Take the Long Way Around to Shorten Your Job Search
If you believe you need a new resume right away to turn your job search around, you might be right. You might need a new resume to start getting interviews, but will your resume get you the right interviews? If you’ve never explored your deep motivations for seeking a particular job function, job level, industry, company size, and more, you might get interviews, but they’ll be wrong for you. Thus, taking the longer, more exploratory, path to job search strategy might actually improve your chances for getting the right job, as opposed to just any job.
At the outset, taking a step or two back to strategize about what the right job or industry is for you seems like going miles out of your way, when you know if you had the right resume, you could start your job search today. Let’s dissect this plan. First, you build a resume that is necessarily very general, or, worse, based on your most recent role, which was the type of role you never want to have again. Both strategies would result in a great resume that reads well, is visually appealing, and has great keywords. Now let’s say you start applying for positions, and somewhere between the completion of your resume and the fact that you’re not getting the right job interviews, you realize that the resume is targeted to a position you would never take. You’re blaming your resume, but it’s really your strategy that is at issue.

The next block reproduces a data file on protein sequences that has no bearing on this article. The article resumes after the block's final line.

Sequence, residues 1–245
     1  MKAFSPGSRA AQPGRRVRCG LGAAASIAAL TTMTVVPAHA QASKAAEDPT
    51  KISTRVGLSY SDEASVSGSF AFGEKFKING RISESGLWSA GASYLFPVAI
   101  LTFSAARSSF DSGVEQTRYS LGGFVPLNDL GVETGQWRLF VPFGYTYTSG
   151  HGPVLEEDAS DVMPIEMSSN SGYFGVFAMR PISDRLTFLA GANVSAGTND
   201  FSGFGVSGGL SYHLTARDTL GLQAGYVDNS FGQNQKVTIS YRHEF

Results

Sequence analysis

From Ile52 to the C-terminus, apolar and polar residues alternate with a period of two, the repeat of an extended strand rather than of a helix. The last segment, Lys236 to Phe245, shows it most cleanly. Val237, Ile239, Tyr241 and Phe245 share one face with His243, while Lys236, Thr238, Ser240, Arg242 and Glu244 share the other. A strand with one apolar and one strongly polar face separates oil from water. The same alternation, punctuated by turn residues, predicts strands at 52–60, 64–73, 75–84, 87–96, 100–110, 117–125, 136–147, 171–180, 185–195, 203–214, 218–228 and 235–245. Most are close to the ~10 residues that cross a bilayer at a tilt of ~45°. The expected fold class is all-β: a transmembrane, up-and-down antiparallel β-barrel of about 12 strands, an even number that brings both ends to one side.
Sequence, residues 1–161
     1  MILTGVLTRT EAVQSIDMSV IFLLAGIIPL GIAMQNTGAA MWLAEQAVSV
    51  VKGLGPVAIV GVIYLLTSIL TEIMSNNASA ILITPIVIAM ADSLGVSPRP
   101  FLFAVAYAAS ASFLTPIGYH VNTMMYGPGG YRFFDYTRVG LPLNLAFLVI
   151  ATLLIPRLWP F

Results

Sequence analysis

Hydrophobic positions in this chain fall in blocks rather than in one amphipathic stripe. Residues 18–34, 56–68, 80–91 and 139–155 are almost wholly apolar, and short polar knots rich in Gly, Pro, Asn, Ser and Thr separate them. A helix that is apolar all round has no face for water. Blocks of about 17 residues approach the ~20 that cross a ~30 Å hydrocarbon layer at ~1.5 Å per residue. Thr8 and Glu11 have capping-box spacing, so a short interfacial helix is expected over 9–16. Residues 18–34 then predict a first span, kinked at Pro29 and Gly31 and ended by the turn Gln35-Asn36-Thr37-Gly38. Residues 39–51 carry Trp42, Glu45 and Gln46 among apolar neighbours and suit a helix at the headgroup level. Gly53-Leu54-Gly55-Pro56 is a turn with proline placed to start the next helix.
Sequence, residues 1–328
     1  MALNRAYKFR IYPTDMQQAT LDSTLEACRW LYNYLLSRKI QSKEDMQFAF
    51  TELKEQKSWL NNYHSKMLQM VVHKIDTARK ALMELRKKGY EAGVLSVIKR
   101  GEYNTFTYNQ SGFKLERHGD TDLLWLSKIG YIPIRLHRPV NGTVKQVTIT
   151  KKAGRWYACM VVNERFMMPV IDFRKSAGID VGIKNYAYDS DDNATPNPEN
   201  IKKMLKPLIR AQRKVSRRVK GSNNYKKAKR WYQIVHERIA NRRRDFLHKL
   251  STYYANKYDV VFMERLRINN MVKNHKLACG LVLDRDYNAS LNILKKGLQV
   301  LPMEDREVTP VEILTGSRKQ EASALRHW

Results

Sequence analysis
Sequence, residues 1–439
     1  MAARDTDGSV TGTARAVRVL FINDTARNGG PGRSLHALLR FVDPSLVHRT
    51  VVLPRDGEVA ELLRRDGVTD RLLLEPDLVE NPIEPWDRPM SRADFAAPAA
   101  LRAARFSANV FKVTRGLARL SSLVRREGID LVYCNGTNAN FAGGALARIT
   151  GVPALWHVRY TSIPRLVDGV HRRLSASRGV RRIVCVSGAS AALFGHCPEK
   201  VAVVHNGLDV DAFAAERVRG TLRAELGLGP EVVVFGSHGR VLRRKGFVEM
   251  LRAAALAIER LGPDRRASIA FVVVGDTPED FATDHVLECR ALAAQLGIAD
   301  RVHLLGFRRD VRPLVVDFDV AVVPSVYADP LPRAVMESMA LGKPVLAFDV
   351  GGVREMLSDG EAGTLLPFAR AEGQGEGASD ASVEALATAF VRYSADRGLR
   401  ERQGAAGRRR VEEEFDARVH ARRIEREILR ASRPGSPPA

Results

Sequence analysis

Now, let’s take another look at your plan. Let’s say you know you need a new resume, as most executive job seekers do, but you want to start by taking a hard look at the work you’ve done, the professional goals you have for yourself, your network, your industry knowledge, and so on. You engage in an exploration over weeks to months to learn what the market or industry has to offer. You craft your resume in response to these professional and environmental cues. You have been learning about potential positions and companies along the way, so when it comes time to apply for roles, you’re clearly the perfect fit–and the roles you’ve applied for are perfect fits for you.
This scenario can take place only when you’re willing to take what seems to be the longer path. In practice, you’re putting a lot of effort up front, essentially measuring twice and cutting once. As a job search strategy, this process will help you connect your needs with those of the employment marketplace efficiently and give you the greatest chances of success.
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